Being a Clinical Social Worker: ‘I Love My Job!’

Cate Richardson-Henley, a licensed clinical social worker in Oneonta, talks about her profession, desire to help others, the rewards and chal-lenges of being a social worker

By Barbara Pierce

Q: How did you become interested in a career as a clinical social worker?

Cate Richardson-Henley is an experienced psychotherapist, a licensed clinical social worker in Oneonta.

Cate Richardson-Henley: I’ve always been interested in helping peo-ple. I always wanted to do therapy. When I was in college, I started my social work career by volunteering at a hotline for battered women. This was in the 80s and got me interested in doing this as a career.

Also, I’d been helped greatly by my own therapy. It made me think: “I want to give this kind of help to other people.” By being in therapy for myself, I was attracted to doing clinical work with others.

Twenty-nine years ago, I got my master’s degree in social work and started my therapy career. I began my therapy career as a child and family therapist, working in the children’s mental health clinic at St. Mary’s in Amsterdam for more than six years.

Following that, after working in some case management-type jobs, I worked in a psychotherapy practice in the capitol region for a decade.

Four years ago, I started my own private practice. To keep things simple, I take two insurances and private pay. As it was at the start of COVID when I began, I set up as a virtual office, seeing people online. Now most of my practice is through either virtual or phone conversations with people throughout New York state.

I thought I’d stay virtual. But I’m finding that some people have a bias against virtual. So I’m working to find a larger office space near Oneonta so I can see people in person.

Q: What kind of training did you have?

A: I got my BA in women’s studies from Brown University in Providence, Rhode Island. For my master’s degree in social work, I graduated from the two-year program at SUNY Albany. After having over six years of supervised experience, I am a licensed clinical social worker with an “R” number, which some insurance companies require.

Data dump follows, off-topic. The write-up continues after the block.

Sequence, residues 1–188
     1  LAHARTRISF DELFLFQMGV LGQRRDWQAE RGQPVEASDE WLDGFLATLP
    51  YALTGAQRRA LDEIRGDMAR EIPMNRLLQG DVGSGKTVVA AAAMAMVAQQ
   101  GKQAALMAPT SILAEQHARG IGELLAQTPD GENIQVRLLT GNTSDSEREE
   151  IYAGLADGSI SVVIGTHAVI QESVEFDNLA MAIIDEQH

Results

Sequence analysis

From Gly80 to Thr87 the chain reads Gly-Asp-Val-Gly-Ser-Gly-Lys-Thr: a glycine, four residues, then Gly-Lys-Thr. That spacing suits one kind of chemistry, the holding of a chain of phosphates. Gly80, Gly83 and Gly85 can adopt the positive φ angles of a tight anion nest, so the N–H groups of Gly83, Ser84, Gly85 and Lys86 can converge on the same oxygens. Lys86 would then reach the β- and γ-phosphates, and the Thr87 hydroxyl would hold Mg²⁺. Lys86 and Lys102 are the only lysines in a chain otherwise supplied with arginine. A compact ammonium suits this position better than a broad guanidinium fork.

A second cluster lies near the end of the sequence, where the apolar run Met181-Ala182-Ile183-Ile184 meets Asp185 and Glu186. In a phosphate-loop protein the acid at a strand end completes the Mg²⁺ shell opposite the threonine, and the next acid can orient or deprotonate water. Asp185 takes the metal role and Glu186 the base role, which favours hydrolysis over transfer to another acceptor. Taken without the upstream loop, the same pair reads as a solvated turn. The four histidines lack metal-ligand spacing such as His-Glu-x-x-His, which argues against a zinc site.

Part of this profession is that you have to keep growing and keep current. New York state requires 36 hours of training every three years and I’ve been doing that. I’ve gone through multiple trainings and have expertise in LGBTQ+ issues; I will begin a six-month training on grief counseling soon.

Q: Is there anything you specialize in?

A: I specialize in the areas I know most about. One is LGBTQ+; as a lesbian, I’ve had problems with discrimination and have insight into the struggles people have. I assist people with self-acceptance, coping with life in an often-invalidating world, dealing with families and gender transitions.

The vast majority of my clients are cis, straight and supportive [cis describes a person whose gender identity corresponds to their sex assigned at birth.] However, I would welcome more clients like me.

I treat people with a broad variety of mental health issues. I work with adults and couples to ease their stress, to find a sense of acceptance and inner peace within themselves and in their relationships, to improve their moods, to help them view themselves, their environment and their families in a more positive way and to give them tools for coping, relaxation, and communicating more effectively.

Specifically, I treat anxiety and depression, bipolar disorder and couples. Also, as my spouse is disabled and I had an accident when I fell on the ice, which made me quite disabled for a while and due to which I still suffer some pain, I treat people with chronic pain and illness.

Q: What are the rewards of your career?

A: I talk to people for a living and help them; what could be better! It’s a great thing; I love this job!

Q: What are the challenges?

A: There are mountains of paperwork! I’m not fond of the administrative part of it — billing, insurance, etc.

Also, it’s a challenge to get referrals; I’d like to have more clients. My mentor told me it took him seven years in private practice before he could stop beating the bush. I still need to do that.

Q: Do you take insurance?

A: I take two types of insurance (CDPHP and MVP) and private pay. I offer a sliding scale. You can find my fees on my website.

For more information on Cate Richardson-Henley, visit